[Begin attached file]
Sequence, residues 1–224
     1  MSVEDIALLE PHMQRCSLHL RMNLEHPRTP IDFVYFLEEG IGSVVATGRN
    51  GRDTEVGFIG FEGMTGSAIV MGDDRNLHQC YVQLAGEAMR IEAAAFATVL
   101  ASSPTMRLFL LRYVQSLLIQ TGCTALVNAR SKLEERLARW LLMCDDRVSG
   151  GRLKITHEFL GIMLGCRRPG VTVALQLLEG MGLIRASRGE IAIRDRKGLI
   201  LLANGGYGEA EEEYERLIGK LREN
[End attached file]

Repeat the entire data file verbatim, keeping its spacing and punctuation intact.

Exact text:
Sequence, residues 1–224
     1  MSVEDIALLE PHMQRCSLHL RMNLEHPRTP IDFVYFLEEG IGSVVATGRN
    51  GRDTEVGFIG FEGMTGSAIV MGDDRNLHQC YVQLAGEAMR IEAAAFATVL
   101  ASSPTMRLFL LRYVQSLLIQ TGCTALVNAR SKLEERLARW LLMCDDRVSG
   151  GRLKITHEFL GIMLGCRRPG VTVALQLLEG MGLIRASRGE IAIRDRKGLI
   201  LLANGGYGEA EEEYERLIGK LREN